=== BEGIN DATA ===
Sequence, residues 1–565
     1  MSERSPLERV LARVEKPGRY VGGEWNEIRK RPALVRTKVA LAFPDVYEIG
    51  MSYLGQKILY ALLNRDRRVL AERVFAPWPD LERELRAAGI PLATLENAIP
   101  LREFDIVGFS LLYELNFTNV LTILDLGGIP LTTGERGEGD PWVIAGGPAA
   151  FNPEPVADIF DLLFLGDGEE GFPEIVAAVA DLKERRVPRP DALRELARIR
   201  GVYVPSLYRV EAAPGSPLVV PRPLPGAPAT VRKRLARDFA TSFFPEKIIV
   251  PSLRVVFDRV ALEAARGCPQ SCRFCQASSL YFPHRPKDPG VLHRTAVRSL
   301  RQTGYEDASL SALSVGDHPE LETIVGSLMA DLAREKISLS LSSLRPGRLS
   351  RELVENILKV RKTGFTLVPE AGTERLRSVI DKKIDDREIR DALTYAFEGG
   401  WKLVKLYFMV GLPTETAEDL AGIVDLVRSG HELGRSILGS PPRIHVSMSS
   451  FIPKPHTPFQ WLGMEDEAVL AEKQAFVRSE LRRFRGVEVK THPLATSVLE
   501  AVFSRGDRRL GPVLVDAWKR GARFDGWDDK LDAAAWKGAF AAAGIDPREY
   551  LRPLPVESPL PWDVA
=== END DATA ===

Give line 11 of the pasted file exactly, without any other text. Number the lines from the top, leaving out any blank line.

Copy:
   451  FIPKPHTPFQ WLGMEDEAVL AEKQAFVRSE LRRFRGVEVK THPLATSVLE